Texas authorities issued a hurricane warning Friday for residents along the coast after record-breaking Tropical Storm Hanna gained strength as it hurtled through the Gulf of Mexico.
Hanna is now expected to make landfall in Texas as a hurricane, bringing a life-threatening swell on Saturday afternoon at the same time as Hurricane Douglas is forecast to descend on Hawaii.
The storms come as both states are grappling with a rise in coronavirus cases, with officials branding the oncoming dangerous weather systems as ‘a potential disaster inside of a current disaster’.
Forecasters issued a hurricane warning for parts of the Texas coast Friday afternoon as Tropical Storm Hanna threatened to bring heavy rain, rough waters and strong winds.
Hanna was centered about 195 miles east of Corpus Christi, Texas, the U.S. National Hurricane Center said in its 4 p.m. CDT advisory. The storm had maximum sustained winds around 50 mph and was moving west at 10 mph.
Hanna was forecast to make landfall Saturday afternoon or early evening and a hurricane warning is in effect for Baffin Bay to Mesquite Bay, a span that includes Corpus Christi. A storm surge warning is also in effect for Baffin Bay to Sargent.
A tropical storm warning is in effect from the mouth of the Rio Grande River to Baffin Bay and from Mesquite Bay to San Luis Pass.
Forecasters said Hanna could bring 5 to 10 inches of rain and coastal swells that could cause life-threatening surf and rip current conditions.
Hanna broke the record as the earliest eighth Atlantic named storm, according to Colorado State University hurricane researcher Phil Klotzbach. The previous record was Harvey on August 3, 2005, Klotzbach tweeted.
Yet as well as hazardous weather conditions, Hanna brings a wave of other problems to the Lone Star state as it considers how it will approach hurricane shelters in the midst of the coronavirus pandemic.
‘Remember… we’re in a potential disaster inside of a current disaster,’ Nueces County Judge Barbara Canales said during a news conference Friday, according to KXAN.
The problem social distancing while trying to stay safe from the storm has become the main issue in the state.
‘Our local entities are looking at where they can shelter folks, but it is very difficult, because you are talking about trying to maintain social distance in a situation that is not intended for social distancing,’ Brittany Eck with the Texas General Land Office explained.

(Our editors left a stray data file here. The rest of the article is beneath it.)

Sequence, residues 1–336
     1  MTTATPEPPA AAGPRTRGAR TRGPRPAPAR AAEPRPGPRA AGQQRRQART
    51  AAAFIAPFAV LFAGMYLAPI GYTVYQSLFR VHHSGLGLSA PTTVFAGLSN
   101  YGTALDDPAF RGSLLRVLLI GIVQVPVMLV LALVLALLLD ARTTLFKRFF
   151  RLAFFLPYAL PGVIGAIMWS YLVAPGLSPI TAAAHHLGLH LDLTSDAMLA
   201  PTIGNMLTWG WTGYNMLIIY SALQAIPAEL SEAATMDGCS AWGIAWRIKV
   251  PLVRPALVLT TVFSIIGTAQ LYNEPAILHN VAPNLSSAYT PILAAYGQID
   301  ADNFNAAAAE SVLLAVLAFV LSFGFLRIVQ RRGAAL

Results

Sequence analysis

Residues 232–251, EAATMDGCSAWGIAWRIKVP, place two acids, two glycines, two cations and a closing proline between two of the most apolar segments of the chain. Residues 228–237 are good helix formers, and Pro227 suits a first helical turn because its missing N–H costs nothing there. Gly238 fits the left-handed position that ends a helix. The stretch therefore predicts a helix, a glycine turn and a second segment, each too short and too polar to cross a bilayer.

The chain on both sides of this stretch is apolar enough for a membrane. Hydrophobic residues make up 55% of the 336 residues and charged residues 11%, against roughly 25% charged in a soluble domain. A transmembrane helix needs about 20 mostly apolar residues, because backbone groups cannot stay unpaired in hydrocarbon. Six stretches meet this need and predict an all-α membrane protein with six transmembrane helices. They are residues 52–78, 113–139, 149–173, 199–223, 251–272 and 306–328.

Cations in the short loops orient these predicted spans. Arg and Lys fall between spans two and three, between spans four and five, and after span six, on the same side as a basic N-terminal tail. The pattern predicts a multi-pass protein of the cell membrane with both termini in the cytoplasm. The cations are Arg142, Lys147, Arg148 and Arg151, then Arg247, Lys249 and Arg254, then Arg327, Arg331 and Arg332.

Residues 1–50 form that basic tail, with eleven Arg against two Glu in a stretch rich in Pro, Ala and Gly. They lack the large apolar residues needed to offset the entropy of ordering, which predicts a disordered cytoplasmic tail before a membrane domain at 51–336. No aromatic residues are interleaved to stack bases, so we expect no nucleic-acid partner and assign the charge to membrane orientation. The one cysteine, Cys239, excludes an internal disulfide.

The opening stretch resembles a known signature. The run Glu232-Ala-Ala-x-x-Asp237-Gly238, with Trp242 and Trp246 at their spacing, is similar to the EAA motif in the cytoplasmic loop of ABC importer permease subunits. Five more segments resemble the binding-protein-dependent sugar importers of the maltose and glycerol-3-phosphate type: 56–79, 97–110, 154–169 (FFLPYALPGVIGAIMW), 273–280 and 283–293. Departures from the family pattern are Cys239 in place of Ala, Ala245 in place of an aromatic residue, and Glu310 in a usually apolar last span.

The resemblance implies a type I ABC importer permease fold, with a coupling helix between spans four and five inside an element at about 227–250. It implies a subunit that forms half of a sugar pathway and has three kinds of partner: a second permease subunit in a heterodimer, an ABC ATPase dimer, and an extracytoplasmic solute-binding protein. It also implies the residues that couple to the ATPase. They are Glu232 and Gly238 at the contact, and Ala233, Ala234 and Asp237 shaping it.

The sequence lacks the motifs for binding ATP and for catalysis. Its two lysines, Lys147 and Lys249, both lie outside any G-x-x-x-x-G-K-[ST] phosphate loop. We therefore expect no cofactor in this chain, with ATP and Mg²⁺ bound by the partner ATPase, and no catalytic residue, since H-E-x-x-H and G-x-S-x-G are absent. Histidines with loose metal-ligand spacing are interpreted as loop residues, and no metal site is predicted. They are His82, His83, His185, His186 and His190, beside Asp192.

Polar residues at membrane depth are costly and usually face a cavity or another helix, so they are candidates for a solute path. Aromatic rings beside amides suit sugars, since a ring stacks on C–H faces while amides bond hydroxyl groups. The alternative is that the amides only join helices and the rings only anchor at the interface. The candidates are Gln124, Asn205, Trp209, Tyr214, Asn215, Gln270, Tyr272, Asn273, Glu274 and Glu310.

She urged Texans to ask friends and family if there is extra space to shelter before heading for a storm shelter and warned that masks, gloves and hand sanitizer should also be included in a to-go bag this year.
‘We’re thinking about masks and gloves. We’re thinking about taking hand sanitizer with you and putting additional ones in there, but also thinking about it having to go to congregate sheltering or having to go somewhere else,’ she added, warning that it is still early in the season and more storms should be expected.
Meanwhile in Hawaii, the first official hurricane to threaten the U.S. since the start of the coronavirus pandemic is also presenting new challenges to officials long accustomed to tropical storms.
Midday Friday, Hurricane Douglas was 785 miles southeast of Hilo and packing maximum sustained winds of 115 mph, making it a Category 3 hurricane.
It’s expected to weaken as it passes over cooler water. But meteorologists warn strong winds, heavy rainfall and dangerous surf could afflict the entire state beginning Saturday night.
Douglas is expected to be either a Category 1 hurricane or a strong tropical storm when it nears the eastern end of the state.
The National Weather Service issued a hurricane watch for both the Big Island and Maui County, meaning hurricane conditions are possible in those areas within the next 36 to 48 hours.
The storm approaches as Hawaii grapples with increasing COVID-19 numbers. On Friday, the state reported 60 newly confirmed cases, its highest single-day increase since the pandemic began.
‘I never thought in 30 years of doing this I’d be answering medical questions,’ said John Cummings, the public information office for Honolulu Emergency Management, underscoring the odd position authorities have found themselves in.